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Friday, September 1, 2017

There Were Worlds Under Bushes

When I was small
bushes were big
and often hollow enough
to be a hide-away,
a secret place to pretend adventure
or listen to people who were not small.
One favorite bush was behind a neighbor's garage,
just to the side of the big door that swung open
(as garage doors did in those days)
and nearly crushed us inside our bush hide-away.
We saw him approach.
Did he hear us plotting our adventure?
We went silent as he unlatched the door,
swung it open,
trapped us,
until he drove his car out,
closed and re-latched the door.
We could breath again.
Had he heard us?

. --- .

Come to think of it, I spent a lot of time under bushes in my early years. There were the giant clumps of what seemed like giant lilac bushes in the park at Hamline and Minnehaha that we called Bible School Park. Each clump housed a maze of paths and rooms kept open by the feet of playing children.. A drugstore, a dentist, a shoemaker, a radio repair place for picking up new tubes for a broken radio, a small co-op grocery store, all gave practical reasons for going to the corner. Also, for kids the park's grass surrounding the lilac clumps served a convenient place for a pickup baseball or football game. From here, as a five-year old I took my buddy, Buddy, on an adventure to the Fairgrounds. But that's another story.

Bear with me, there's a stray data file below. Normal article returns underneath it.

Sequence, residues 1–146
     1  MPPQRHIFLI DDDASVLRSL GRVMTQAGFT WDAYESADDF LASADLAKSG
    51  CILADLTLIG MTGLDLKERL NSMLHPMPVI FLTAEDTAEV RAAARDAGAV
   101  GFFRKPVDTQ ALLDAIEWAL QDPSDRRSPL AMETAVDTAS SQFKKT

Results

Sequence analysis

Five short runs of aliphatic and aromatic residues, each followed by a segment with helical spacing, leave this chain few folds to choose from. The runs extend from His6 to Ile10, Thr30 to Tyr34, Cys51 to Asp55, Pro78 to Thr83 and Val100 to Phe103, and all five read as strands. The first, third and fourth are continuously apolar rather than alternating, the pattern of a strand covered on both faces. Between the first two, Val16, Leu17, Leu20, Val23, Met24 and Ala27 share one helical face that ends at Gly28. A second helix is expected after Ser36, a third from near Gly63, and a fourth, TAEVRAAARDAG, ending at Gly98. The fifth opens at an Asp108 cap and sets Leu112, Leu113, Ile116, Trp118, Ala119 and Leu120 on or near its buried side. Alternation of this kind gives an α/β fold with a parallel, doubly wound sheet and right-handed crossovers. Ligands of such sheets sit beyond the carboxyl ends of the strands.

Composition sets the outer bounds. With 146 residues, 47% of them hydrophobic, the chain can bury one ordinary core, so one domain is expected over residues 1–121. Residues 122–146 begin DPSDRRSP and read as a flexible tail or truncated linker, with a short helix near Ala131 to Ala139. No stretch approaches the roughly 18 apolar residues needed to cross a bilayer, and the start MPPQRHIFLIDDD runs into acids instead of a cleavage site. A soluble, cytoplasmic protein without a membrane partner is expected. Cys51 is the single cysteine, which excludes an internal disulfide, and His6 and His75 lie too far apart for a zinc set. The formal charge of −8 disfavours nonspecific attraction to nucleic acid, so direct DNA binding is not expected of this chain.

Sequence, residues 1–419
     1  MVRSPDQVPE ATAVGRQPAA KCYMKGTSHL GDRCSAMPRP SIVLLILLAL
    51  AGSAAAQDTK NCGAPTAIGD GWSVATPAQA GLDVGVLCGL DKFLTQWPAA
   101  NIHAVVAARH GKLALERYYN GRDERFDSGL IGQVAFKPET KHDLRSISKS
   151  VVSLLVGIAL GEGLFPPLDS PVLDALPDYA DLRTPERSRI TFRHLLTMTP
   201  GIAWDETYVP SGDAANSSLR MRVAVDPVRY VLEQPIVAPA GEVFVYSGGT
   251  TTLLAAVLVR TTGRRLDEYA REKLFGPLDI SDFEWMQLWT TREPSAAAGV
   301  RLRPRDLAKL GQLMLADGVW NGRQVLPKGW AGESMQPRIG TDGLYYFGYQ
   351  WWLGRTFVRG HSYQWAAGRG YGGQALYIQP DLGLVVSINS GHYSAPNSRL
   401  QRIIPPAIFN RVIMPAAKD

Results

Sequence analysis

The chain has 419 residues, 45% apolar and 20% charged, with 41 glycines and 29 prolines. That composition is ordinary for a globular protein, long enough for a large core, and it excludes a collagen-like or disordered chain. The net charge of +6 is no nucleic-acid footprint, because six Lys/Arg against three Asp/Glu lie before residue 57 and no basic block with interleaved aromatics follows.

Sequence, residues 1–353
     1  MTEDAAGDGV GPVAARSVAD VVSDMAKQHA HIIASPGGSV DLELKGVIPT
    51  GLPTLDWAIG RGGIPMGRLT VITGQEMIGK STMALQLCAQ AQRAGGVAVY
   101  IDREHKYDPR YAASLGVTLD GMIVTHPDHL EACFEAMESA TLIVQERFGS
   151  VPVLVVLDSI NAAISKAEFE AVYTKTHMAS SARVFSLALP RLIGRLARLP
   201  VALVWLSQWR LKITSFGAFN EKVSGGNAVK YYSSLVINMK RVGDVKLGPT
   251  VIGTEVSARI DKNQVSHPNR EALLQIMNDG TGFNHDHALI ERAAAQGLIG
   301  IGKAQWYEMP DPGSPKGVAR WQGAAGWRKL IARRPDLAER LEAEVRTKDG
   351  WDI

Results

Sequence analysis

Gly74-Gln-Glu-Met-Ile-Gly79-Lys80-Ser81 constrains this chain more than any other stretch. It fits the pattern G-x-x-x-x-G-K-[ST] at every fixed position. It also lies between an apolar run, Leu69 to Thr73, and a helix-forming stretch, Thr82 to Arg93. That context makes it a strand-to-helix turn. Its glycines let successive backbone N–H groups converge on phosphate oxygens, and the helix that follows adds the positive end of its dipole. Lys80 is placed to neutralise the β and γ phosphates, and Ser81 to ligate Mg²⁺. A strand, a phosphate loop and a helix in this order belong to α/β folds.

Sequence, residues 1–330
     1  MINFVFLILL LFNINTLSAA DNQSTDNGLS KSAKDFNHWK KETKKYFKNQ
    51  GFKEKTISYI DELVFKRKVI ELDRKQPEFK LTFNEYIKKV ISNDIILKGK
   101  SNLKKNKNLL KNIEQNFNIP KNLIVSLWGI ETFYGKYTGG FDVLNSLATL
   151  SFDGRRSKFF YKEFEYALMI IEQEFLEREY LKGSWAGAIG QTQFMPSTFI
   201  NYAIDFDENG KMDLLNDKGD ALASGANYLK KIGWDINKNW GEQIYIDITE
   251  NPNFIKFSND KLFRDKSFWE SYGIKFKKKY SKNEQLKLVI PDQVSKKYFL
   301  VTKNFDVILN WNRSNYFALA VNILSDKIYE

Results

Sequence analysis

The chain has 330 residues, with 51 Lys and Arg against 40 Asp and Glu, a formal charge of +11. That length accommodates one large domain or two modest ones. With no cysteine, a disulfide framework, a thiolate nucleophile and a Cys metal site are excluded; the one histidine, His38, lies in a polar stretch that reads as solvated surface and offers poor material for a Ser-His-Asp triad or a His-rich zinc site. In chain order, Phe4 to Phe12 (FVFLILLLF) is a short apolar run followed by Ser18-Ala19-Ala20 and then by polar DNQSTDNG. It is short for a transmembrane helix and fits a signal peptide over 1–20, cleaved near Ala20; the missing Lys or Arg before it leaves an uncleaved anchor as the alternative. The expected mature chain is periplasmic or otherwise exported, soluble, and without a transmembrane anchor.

Heading north from the the neighborhood up Snelling avenue the world descended into the ancient stream bed through which ran two railroads and within which gravel pits were large and active throughout my childhood. If we crossed Snelling to the south side, and before the bridge over the first railroad, we left the side walk, we descended into a wild land of bushes and grasses—a neglected place that looked like it should house the hobos we had heard about. We could get lost there in our own world of Tom-Sawyer adventure. Once we extended our adventure west along the railroad tracks toward what we knew might be Minneapolis. But that's another story.

(c) from date of posting, by Bob Komives, Fort Collins 

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